XIRR vs IRR in Excel (Differences with Examples)

In order to assess the return on investment over time, the IRR function determines the internal rate of return on the capital after taking the discount rate into account. Contrarily, in order to precisely calculate the return, the XIRR function, which is an extension of the internal rate of return, takes into account the cash flows, discount rates, and associated dates. So, in this article, I will show you the key difference between XIRR vs IRR functions in Excel with examples.


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Basics of Excel XIRR vs IRR Functions

The IRR function (Internal Rate of Return) calculates the internal rate of return for a series of given periodic cash flows. However, these cash flows do not have to be even, though they should include the initial input investment and the subsequent values that denote the net income. The internal rate of return is utilized, in order to give an indication of the profitability of a potential investment.

Also, the higher the internal rate of return for a particular investment, the more likely it is that the investment will be profitable. Besides, The IRR function is similar to the NPV function (we have already seen how to utilize the NPV function and the XNPV function in a previous tutorial). The IRR function, however, works on the premise that the NPV is 0.  Hence, The IRR input values are spaced at regular, equal intervals. The XIRR function is used to calculate the internal rate of return for cash flows that are not periodic. Consequently, The XIRR value is closely related to the XNPV function and is the internal rate of return calculated for a corresponding XNPV of 0.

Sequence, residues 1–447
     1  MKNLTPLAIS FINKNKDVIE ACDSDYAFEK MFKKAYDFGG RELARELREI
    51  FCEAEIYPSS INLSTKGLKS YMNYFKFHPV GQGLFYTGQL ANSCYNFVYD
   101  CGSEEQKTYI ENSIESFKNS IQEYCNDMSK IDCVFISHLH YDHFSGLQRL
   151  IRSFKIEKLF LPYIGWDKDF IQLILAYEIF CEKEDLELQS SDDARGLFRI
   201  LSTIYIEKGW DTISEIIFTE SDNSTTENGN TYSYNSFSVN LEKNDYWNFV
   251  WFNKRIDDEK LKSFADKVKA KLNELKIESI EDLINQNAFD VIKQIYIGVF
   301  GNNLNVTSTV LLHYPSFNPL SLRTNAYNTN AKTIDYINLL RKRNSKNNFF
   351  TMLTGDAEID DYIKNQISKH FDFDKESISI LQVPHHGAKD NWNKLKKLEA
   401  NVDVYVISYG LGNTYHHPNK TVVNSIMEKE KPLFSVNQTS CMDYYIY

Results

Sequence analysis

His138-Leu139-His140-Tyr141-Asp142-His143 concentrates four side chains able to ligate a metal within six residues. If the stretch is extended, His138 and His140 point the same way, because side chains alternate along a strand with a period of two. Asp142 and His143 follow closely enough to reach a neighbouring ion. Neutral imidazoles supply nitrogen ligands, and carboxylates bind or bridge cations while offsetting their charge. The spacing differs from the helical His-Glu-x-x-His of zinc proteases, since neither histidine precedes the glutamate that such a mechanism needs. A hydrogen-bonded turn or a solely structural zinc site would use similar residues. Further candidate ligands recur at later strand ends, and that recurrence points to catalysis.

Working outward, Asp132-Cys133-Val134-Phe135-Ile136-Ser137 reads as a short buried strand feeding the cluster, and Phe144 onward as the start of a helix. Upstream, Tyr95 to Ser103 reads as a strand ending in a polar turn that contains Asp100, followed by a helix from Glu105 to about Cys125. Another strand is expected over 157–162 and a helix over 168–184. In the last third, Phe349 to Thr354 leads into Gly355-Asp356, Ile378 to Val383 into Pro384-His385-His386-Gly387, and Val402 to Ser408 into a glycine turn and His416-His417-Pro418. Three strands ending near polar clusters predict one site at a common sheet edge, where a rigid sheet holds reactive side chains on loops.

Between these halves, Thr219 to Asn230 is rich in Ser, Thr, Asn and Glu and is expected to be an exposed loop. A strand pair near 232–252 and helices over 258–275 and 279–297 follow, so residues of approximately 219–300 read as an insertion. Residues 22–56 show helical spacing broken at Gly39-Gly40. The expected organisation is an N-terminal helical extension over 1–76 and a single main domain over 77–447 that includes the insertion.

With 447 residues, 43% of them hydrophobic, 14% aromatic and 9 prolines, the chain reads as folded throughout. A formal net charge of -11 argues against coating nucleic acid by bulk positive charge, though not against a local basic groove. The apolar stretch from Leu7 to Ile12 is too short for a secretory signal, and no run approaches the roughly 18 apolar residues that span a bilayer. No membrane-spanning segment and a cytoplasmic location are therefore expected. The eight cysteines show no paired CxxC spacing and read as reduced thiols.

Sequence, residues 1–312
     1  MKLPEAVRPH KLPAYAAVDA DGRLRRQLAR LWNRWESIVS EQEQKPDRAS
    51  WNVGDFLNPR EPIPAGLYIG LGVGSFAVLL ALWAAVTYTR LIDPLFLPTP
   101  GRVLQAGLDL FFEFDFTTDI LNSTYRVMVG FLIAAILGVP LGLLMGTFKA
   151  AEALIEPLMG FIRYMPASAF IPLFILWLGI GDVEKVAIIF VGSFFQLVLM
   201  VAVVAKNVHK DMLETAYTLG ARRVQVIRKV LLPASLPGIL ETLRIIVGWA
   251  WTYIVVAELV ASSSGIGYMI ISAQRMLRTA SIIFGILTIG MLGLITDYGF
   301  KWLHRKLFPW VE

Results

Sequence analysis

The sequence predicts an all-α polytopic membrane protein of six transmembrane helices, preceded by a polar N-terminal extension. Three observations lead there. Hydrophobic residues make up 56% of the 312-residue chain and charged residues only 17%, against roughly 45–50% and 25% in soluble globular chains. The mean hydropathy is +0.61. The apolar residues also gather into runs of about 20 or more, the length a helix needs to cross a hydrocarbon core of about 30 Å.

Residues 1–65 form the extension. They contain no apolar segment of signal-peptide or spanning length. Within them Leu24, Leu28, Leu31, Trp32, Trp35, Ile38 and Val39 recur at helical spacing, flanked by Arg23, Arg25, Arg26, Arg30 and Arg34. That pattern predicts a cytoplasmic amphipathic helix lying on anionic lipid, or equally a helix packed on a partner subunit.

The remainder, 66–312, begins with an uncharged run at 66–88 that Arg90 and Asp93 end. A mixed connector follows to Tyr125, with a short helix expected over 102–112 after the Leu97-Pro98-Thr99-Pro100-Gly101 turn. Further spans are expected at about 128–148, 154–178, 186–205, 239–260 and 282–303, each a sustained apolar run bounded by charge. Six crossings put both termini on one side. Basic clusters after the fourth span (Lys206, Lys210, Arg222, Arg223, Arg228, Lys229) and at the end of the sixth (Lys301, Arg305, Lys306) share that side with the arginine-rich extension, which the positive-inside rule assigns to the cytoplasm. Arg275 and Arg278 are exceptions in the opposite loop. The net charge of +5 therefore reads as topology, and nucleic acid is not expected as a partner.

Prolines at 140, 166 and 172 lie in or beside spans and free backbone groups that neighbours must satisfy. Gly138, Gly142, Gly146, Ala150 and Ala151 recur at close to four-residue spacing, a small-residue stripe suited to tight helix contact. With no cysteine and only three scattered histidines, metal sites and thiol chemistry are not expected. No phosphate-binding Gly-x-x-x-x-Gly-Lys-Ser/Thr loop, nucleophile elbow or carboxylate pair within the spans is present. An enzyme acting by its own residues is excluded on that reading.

XIRR vs IRR Function: Comparisons in Tabular Form

Hence, in this section, I will show the comparison between XIRR vs IRR functions in a tabular format. So, this comparison will be based upon their meaning, their operational process, and so on.

Points of Comparison The XIRR function The IRR function
Context Firstly, The XIRR function (Internal Rate of Return) is used to calculate the internal rate of return for a series of given periodic cash flows. Contrarily, The XRR function is used to calculate the internal rate of return for cash flows that are not periodic
Modus Operandi Secondly, The XIRR function requires three parameters for working; they are values, dates, and guess. The values must contain at least one positive value and one negative value. The values must be entered in the correct sequence as well. All subsequent dates must be later than the starting date. Conversely, The IRR function requires two parameters to work; they are: values and guess. The values must contain at least one positive value and one negative value. Furthermore, the values must be entered in the correct sequence as well.
Expansion Rate Thirdly, the users don’t have to input the expansion or inflation rate in the argument in general. By default, the function guesses it as 10%(0.1). But if the calculation requires it, then the user can manually input the rate. This point is the same as the XIRR function for the IRR function.
Specific Time Fourthly, to work with this function, users must need to mention time or periods to get the return on investment. On the other hand, to work with this function, users do not need to mention specific times or periods.
Superior Analyzer Finally, The XIRR function reviews the time flow or periods for getting the final result. So, it is more dependable than the IRR function. However, the IRR function does not review the time flow or periods for getting the final result. So, the users might not get an accurate result.

Excel XIRR Function: Syntax and Arguments

Summary:

  • The XIRR function shows the internal rate of return for a sequence of cash flows that are not periodic.
  • The values entered into the argument must contain at least one positive value and one negative value. Otherwise, it will result in an error.
  • Available from Excel 2007.

Syntax:

The syntax of the XIRR function is:

=XIRR(values, dates, [guess])

Excel XIRR Function: Syntax and Arguments

Arguments:

Argument Required or Optional Value